- Saw B--- (male, 38), Y--- village, Lu Thaw Township (May 2009)

 

The main argument of Self-protection under strain, therefore, is that external actors wishing to promote human rights in conflict areas of eastern Burma should provide practical support for civilian self-protection strategies based on a detailed understanding of the local dynamics of abuse. KHRG has made this argument before. However, as this report documents, self-protection strategies in conflict areas of Karen State are now under increasing strain and some civilians have chosen to employ alternative strategies, including methods involving uses of arms, to address their protection concerns. Uses of weapons such as landmines by civilians as a protection strategy complicate discussions of support for civilian protection efforts, particularly by humanitarian agencies. However, uses of weapons by civilians occur amidst increasing constraints on alternative self-protection measures. This fact only emphasises the need for increased practical support for self-protection efforts in order to broaden the range of feasible options for civilians caught in situations of abuse and military attack, including away from strategies involving uses of weapons.

 

"We've had to flee more than ten times already... If they came to beat you to death, interrogate you, hit you, ask you to be a porter would you accept it?... When people were farming, they came and shot and killed them. They see us as their enemies."

- Saw E--- (male, 46), O--- village, Lu Thaw Township (December 2009)

 

This report focuses on Lu Thaw Township, an upland area in northern Karen State's Papun District, and home to more than 27,000 displaced villagers who are actively seeking to evade attack by the SPDC Army. Focus on Lu Thaw is not meant to marginalise the impact of attacks on villagers elsewhere in Papun or in adjacent Nyaunglebin and Toungoo districts, nor imply that the ongoing targeting of civilian lives and livelihoods in Lu Thaw is unique from SPDC Army practices in other upland areas. On the contrary, KHRG continues to document repeated and ongoing abuses in upland non-state spaces across eastern Burma. However, the report's focus on Lu Thaw Township serves to provide a detailed picture of the dynamics of abuse in this area that also indicates potential entry points for practical external support for local self-protection strategies across conflict areas in eastern Burma.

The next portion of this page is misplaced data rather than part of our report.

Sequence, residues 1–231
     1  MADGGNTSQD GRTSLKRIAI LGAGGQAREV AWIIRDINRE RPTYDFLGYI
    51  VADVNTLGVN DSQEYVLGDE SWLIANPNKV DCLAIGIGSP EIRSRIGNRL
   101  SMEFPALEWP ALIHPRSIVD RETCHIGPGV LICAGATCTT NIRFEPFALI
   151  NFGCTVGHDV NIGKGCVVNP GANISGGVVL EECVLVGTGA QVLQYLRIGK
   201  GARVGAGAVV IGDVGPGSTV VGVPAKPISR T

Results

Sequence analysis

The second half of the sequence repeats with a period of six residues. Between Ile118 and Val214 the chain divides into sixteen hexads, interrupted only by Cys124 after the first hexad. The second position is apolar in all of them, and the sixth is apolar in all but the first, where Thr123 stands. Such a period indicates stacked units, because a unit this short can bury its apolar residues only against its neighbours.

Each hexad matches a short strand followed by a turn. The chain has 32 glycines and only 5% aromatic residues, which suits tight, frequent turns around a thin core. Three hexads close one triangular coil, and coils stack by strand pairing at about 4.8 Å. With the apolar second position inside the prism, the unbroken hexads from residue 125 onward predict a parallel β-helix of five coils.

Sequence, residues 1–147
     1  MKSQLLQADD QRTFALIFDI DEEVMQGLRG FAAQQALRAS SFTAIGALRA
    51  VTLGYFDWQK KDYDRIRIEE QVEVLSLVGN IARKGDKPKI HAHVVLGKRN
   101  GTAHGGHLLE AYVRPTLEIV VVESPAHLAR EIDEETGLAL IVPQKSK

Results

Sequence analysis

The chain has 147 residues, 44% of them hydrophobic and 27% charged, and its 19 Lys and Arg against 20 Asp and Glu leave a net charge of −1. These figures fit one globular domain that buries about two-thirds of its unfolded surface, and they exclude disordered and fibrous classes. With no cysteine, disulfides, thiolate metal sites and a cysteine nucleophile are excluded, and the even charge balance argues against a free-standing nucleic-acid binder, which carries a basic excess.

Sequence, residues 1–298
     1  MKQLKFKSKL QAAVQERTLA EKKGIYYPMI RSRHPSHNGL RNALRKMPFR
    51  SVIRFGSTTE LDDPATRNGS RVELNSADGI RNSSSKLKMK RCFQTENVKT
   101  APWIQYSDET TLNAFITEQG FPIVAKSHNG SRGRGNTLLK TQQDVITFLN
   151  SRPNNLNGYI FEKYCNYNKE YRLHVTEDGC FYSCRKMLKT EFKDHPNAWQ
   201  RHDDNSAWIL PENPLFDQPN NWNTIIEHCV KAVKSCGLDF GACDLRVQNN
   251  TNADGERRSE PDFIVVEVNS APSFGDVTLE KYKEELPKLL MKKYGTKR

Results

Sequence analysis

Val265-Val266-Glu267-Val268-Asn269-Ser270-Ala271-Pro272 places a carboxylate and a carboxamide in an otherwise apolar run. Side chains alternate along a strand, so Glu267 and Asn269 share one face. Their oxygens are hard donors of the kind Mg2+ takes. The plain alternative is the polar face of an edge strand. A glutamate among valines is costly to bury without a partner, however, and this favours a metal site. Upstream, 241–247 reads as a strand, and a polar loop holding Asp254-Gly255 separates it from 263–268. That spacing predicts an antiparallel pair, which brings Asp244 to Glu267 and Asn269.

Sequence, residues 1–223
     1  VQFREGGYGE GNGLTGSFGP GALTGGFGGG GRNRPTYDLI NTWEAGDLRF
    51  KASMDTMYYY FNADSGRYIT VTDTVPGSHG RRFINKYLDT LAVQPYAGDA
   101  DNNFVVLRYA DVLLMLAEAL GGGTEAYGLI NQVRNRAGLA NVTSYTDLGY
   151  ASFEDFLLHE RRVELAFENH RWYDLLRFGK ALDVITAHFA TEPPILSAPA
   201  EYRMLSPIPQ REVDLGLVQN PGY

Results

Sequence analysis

After a brief introduction in Section I, Section II of this report is designed to emphasise that SPDC Army practices in Lu Thaw Township are part of a widely documented pattern that dates back to the 1950s. It focuses on an overview of the SPDC's 2005-2008 Offensive to provide recent historical context to SPDC military practices in Lu Thaw Township. Section III further explains these practices and details the ways in which villagers residing in non-state spaces of northern Lu Thaw Township, and their livelihoods, continue to be targeted by SPDC practices even since the end of the 2005-2008 Offensive. While the SPDC Army has reduced the overall frequency and intensity of its operations, villagers remain at constant risk of death or injury from periodic attacks, patrols and remote shelling, and SPDC forces have continued to launch sporadic attacks targeting the food resources of communities beyond state control. Additional measures such as movement restrictions and the obstruction of external humanitarian assistance have further targeted the food security and health of civilians. SPDC Army practices that target civilians and undermine villagers' survival in upland areas include:

  • Shelling of villages and farm fields, both with knowledge of civilian presence and without attempts to distinguish civilians from military targets